Building Conditions in East Jerusalem In 1967, Israel occupied the West Bank and unilaterally annexed to its territory 70.5 km2 of the occupied area, which were subsequently integrated within the Jerusalem municipality and are now referred to as “East Jerusalem”. This annexation contravenes international law and was not recognized by the UN Security Council or UN member states.18 Of this land, 35 percent (24.5 km2) has been expropriated for Israeli settlements, in spite of the IHL prohibition on the transfer of the occupying

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power’s civilians into occupied territory.19 According to the Israeli human rights organization B’Tselem, most of this expropriated land was privately-owned Arab property.20 Over 195,000 Israeli settlers now live in settlements in East Jerusalem.21 Of the 70.5 km2, 35 percent (24.7 km2) has master plans that have been approved by the Jerusalem District Committee.22 The remaining 30 percent (21.3 km2) has remained unplanned since 1967 (planning is under way in some areas, but not yet approved).

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Zoned for Palestinian Construction 9.18 km2 Expropriated for Israeli Settlements 24.50 km2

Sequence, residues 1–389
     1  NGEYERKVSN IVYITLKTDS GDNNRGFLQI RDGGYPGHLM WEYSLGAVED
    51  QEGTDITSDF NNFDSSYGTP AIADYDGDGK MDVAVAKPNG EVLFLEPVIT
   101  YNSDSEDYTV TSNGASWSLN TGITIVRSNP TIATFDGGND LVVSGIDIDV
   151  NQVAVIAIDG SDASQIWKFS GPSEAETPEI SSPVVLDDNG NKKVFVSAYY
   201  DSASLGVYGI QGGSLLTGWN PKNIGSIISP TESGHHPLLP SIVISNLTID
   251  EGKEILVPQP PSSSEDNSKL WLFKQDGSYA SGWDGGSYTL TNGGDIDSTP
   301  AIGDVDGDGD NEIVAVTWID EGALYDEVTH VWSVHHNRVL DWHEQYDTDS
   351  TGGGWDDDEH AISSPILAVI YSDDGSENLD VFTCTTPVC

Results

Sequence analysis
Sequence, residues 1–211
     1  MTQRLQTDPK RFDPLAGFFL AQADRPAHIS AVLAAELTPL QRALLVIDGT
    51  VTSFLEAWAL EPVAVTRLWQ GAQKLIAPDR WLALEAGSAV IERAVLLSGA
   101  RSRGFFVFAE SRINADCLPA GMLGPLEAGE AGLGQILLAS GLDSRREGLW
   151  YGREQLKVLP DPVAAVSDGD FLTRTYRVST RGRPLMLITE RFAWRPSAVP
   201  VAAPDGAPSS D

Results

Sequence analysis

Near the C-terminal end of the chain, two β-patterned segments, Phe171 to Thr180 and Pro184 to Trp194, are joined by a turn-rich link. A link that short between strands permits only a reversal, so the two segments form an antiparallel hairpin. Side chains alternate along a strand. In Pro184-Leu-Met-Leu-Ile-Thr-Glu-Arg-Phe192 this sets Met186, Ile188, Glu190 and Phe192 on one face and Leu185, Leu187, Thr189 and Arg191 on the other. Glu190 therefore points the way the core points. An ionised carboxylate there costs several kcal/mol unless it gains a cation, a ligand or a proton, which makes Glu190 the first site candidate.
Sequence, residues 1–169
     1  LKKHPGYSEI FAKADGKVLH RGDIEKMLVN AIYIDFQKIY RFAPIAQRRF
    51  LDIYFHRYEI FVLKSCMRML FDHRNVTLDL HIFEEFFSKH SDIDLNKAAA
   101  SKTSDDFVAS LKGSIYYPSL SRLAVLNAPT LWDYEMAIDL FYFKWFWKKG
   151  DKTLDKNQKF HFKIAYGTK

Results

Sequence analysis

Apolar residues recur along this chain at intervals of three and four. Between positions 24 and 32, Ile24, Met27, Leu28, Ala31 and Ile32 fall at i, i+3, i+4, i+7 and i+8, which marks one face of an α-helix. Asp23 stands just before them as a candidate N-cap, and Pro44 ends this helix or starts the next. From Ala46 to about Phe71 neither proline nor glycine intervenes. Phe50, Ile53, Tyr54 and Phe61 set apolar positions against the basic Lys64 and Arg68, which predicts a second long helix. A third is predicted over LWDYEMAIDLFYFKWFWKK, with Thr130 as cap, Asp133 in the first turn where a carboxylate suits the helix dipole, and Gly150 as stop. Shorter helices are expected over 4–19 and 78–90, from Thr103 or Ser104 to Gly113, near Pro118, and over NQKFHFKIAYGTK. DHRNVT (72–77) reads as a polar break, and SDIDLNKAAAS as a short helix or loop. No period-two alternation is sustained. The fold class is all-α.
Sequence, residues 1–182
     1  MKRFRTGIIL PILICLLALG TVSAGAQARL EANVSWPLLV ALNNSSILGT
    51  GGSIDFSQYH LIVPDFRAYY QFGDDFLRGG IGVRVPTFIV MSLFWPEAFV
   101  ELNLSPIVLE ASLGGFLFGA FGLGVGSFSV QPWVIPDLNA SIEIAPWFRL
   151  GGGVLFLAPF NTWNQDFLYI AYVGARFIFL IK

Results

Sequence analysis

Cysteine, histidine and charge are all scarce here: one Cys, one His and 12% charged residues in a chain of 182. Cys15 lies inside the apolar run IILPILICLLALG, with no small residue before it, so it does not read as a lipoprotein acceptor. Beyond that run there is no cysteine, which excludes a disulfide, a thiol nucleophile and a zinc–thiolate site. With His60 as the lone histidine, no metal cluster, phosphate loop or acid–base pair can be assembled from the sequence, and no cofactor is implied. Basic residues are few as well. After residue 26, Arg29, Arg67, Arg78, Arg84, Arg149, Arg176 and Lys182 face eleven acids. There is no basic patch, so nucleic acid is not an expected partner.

13% 35%

Unplanned Areas 21.35 km2

30%

22% Zoned for Green Areas and Public Infrastructure 15.48 km2

Figure 2: Division of East Jerusalem Land Of the 24.7 km2 that are planned, approximately 15.5 km2 (63 percent) are designated as “green areas”, where no construction is allowed, or for public purposes, such as roads and other infra­ structure. This leaves only 9.2 km2 (13 percent of the total East Jerusalem area) available for Palestinian construction, and much of this is built-up already. Even in these areas, Palestinians face difficulties that hinder their ability to obain a permit. First, before construction can begin on a vacant piece of land included within the 24.7 km2 that have master plans, a detailed plan of the area must be developed and approved. This plan must show which parts will be allocated for public use (roads and other infrastructure), green areas, and private Palestinian construction. While the need to designate part of the land for green or public areas is a normal planning requirement, the nature of land ownership in East Jerusalem makes completing this task difficult: most of the lands are held in small, privately-held plots that must be first united in order to ensure the equitable allocation of public and green areas. An inability to resolve these land ownership issues has delayed the development of detailed plans for years in many areas of East Jerusalem.23

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Second, if public infra­structure (i.e. roads, se­wer­age, water) does not exist in an area where a detailed plan has been ap­proved, then construction permits will not be granted. According to the 1965 Israeli Planning and Building Law, no construction is permitted in areas with insufficient public infrastructure. The development of public infra­structure remains the responsibility of the Jerusalem municipality; however, very few resources have been allocated for this purpose in East Jerusalem. As a result, new construction in neighbourhoods lacking public infra­structure is prohibited.